Respectable Sins: Discontentment | Part 2

Are you discontent with your possessions and money? Does your current circumstances cause you to be unhappy and unsatisfied? If so, you may be sinning.

In my last post in this series, I defined discontentment and gave a few areas where it is healthy to be discontent. Today, we turn our attention to sinful discontentment.

Why We Need to Deal with Sinful Discontentment

When we are sinfully discontent, we show that we do not believe God to be all wise, nor do we accept God’s sovereign control over our lives.

We also show that our thinking about our purpose in life is flawed. Instead of viewing our purpose in life as to bring glory to God, we believe life is about our glory. When a lack of finances, possessions, or difficult life circumstances do not work to bring us glory, then we become discontent.

These things are major issues. Issues that must be dealt with. For if they are not, they not only result in a rejection of God’s wisdom and sovereignty, along with a continued flawed view of our purpose in life, they also can lead to other sins such as resentment or bitterness.

Areas of Sinful Discontentment

(1) Money and Possessions – When we are unsatisfied or unhappy with our money or possessions, we are sinfully discontent.

The reason we are discontent in this area is because we have a desire for more. A constant desire for more reveals that our money or possessions have taken the place of God in our lives. When this happens, we no longer find our acceptance, comfort, joy, protection, and peace in God. Rather, we find it in our possessions and money, which is a problem and something we need to take action against.


When discontentment in our finances and possessions surface, we need to remind ourselves of the truths of Scripture. Here are just a few passages to meditate on:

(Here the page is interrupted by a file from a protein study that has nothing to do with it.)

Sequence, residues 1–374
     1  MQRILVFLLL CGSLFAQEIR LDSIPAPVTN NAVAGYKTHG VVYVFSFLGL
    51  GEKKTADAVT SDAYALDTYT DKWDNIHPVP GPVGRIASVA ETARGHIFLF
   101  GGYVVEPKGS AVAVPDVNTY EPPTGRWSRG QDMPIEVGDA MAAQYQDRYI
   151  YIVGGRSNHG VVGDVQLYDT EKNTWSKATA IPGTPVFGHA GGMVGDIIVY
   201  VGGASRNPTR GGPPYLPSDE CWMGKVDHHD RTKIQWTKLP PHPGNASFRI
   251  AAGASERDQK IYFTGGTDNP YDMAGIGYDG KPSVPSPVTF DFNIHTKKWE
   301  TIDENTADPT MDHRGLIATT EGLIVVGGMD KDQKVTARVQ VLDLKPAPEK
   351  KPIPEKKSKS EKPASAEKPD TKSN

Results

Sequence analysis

Hebrews 13:5-6

Keep your life free from love of money, and be content with what you have, for he has said, “I will never leave you nor forsake you.” So we can confidently say,

“The Lord is my helper;
I will not fear;
what can man do to me?”

We Learn

We are not to trust in our money or possessions. Rather, we are to trust in the Lord for He alone is our helper.

Luke 3:14

Soldiers also asked him, “And we, what shall we do?” And he said to them, “Do not extort money from anyone by threats or by false accusation, and be content with your wages.”

We Learn 

We are to be content with our wages, and we are not to extort others by threats or false accusations if we believe our wages are not enough.

Luke 12:15

And he said to them, “Take care, and be on your guard against all covetousness, for one’s life does not consist in the abundance of his possessions.”

We Learn

There is more to life than the possessions we own. The parable that follows in vs 16-21 teaches us that it is ultimately our soul that we should be concerned about.

1 Timothy 6:6-10

But godliness with contentment is great gain, for we brought nothing into the world, and we cannot take anything out of the world. But if we have food and clothing, with these we will be content. But those who desire to be rich fall into temptation, into a snare, into many senseless and harmful desires that plunge people into ruin and destruction. For the love of money is a root of all kinds of evils. It is through this craving that some have wandered away from the faith and pierced themselves with many pangs.

We Learn

Contentment is great gain. Knowing that we brought nothing into this world and we can take nothing with us, should cause us to look at our possessions and money differently. Paul tells us that food and clothing is all we need, and we should be content with those things. As well as we learn that the love of money is the root of all kinds of evils.